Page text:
Some of Chelsea’s competitors will be enviously watching as they exercise their financial muscles as their summer spending continues.
Wesley Fofana’s impending arrival from Leicester for about £70 million will bring the total during this window to a startling £250 million – and counting.
The final sum may surpass £300 million due to head coach Thomas Tuchel’s admission that Chelsea needs some more players in various positions and their pursuit of Barcelona’s Pierre-Emerick Aubameyang and Everton’s Anthony Gordon.
Additionally, it would surpass Chelsea’s own £230 million spending record in the Premier League for a single window.
Others are monitoring the situation in the framework of Financial Fair Play regulations with that in mind.
Football finance experts believe that UEFA will naturally be keeping an eye on Chelsea’s position. Some individuals, some of whom predate the Todd Boehly-led administration, have privately expressed concern that, at the current rate of spending, they are moving closer to danger.
From Chelsea’s perspective, practically goes without saying that the new administration has a seasoned business staff under the direction of Boehly, Behdad Eghbali, and Jose Feliciano, who has no doubts about the rules and has been operating them.
The need for expenses like Romelu Lukaku, Timo Werner, and Emerson Palmieri to help balance the books has also been recognized, and there is trust that they will be compliant.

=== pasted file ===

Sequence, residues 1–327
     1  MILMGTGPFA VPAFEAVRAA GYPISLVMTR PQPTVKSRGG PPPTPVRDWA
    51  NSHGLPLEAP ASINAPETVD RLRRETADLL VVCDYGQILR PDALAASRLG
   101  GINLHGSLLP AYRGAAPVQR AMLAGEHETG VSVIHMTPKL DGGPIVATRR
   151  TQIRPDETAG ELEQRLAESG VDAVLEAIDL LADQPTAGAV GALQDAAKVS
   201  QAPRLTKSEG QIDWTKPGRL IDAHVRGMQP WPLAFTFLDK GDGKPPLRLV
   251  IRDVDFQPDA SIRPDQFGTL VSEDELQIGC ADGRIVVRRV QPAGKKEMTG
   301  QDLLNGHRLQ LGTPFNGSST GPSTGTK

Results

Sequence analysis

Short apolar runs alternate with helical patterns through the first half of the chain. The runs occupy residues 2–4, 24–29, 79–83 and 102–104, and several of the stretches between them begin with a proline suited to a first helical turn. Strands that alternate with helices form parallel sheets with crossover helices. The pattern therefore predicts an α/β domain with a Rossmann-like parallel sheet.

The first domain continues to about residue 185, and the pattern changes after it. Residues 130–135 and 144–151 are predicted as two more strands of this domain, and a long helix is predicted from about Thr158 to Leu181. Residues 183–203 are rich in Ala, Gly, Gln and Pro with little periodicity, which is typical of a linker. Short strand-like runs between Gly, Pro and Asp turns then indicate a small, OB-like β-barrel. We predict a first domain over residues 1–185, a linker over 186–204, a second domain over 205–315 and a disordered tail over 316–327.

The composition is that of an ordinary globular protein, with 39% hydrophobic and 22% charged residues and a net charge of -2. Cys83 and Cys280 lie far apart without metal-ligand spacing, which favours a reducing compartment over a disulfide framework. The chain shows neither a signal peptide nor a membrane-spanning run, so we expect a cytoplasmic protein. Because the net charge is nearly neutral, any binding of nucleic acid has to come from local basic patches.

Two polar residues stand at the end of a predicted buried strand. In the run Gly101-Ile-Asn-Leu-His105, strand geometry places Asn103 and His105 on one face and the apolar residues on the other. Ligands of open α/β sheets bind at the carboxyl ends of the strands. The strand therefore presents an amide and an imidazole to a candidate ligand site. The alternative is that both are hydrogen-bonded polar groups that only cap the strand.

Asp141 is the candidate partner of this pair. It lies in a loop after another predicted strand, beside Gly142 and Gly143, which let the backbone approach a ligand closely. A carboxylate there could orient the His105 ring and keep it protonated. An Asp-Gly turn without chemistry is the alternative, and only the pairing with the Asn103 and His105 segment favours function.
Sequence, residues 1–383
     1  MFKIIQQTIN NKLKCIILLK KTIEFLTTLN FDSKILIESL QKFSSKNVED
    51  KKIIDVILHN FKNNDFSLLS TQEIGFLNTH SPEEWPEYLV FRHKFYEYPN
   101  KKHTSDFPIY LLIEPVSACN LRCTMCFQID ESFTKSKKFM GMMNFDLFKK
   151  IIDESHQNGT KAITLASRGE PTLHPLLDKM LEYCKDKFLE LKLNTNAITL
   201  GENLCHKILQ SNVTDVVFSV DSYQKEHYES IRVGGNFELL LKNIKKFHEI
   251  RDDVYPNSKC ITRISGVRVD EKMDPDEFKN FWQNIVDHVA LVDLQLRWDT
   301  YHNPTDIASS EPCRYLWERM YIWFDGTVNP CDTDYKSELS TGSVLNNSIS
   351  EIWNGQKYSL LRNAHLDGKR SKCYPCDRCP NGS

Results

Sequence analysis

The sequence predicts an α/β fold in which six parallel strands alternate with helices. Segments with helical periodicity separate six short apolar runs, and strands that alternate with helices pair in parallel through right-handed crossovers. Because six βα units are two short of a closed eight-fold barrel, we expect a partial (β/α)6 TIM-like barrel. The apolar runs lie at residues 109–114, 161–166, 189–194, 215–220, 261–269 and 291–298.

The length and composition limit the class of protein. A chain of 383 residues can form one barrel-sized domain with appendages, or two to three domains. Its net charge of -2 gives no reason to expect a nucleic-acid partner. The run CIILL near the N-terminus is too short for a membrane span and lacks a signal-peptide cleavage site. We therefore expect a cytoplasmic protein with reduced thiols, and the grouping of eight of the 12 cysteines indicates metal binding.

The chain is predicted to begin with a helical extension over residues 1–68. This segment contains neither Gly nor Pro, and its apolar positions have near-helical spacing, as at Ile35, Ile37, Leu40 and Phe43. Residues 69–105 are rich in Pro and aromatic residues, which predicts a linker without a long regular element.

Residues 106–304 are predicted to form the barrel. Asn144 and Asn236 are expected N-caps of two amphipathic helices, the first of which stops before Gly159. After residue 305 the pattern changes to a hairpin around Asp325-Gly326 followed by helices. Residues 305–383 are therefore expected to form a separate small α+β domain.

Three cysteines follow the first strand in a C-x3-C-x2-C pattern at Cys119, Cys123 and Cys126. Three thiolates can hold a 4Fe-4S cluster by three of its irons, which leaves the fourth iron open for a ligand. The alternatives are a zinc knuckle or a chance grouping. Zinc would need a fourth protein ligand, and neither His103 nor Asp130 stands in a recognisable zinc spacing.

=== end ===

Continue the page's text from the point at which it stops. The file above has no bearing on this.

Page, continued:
The situation won’t become evident until Chelsea’s spending is over and their financial results, which include this window’s activity, are published.
Even then, there will be elements that could muddy the image.
Dr. Rob Wilson, an expert in football finance at Sheffield Hallam University, stated in layman’s terms, the £4.25 billion sale price of Chelsea could have erased the debt and losses that had been accumulated at the club over the last 20 or so years so effectively, Chelsea start at zero bases under the terms of FFP.
UEFA will most likely evaluate them by the previous set of rules before examining how they might fit the new ones. You might get away with it this year, but you’ll have to make up for those spots the next year because this is essentially the last toss of the dice.
Chelsea may also claim that some expenditures have been carried over into this accounting period as a result of the restrictions placed on former owner Roman Abramovich that prevented them from conducting any business toward the conclusion of the previous one.
They’ll have access to 90% of the budget in 2023. In the following two years, this percentage will fall to 80% and then 70%. For the authorities, such change will result in an uncertain situation.
While there is a consensus that such accommodations should no longer be made, normalcy returned to football last season, teams may nevertheless claim that Covid losses continue to have an impact on their performances.